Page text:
It’s been a little over a decade since Fujifilm launched its first camera with an X-Trans sensor, the Fujifilm X-Pro1, way back in January 2012. With a color filter array that samples red, green and blue pixels in every horizontal line and vertical column, X-Trans sensors are designed to more evenly sample the color information across the image. This, in turn, allows better resistance to color moiré versus the more traditional Bayer filter, which skips either the red or blue pixels in every other line or column.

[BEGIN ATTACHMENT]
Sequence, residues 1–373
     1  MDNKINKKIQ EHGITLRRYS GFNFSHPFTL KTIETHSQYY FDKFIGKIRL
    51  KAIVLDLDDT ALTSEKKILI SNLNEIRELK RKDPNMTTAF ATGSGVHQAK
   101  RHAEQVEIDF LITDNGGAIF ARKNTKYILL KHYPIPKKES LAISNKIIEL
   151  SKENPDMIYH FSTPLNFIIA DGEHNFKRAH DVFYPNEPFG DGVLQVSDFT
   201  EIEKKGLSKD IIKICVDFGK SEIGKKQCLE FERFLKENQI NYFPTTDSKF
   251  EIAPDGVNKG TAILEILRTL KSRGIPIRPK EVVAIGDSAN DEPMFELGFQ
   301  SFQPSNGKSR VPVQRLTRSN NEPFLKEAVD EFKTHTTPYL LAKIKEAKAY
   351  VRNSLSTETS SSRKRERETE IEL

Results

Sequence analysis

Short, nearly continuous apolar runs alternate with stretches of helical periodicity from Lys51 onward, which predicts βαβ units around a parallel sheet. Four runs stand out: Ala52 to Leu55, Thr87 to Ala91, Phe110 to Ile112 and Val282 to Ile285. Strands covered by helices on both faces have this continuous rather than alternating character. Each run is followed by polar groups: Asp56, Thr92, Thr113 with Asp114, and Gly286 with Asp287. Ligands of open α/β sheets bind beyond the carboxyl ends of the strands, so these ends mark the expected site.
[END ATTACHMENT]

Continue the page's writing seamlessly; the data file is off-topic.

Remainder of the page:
The downsides of the X-Trans approach are twofold. With a larger 6×6 pattern rather than the 2×2 of Bayer, it makes the task of demosaicing the color data not just unique to Fujifilm cameras – requiring software makers to implement more custom code – but also more processor-intensive and challenging to optimize. And French software maker DxO‘s equally unique approach of denoising prior to demosaicing further complicated the situation. So for years it simply eschewed X-Trans support altogether, offering Fujifilm camera support only for its Bayer-based models.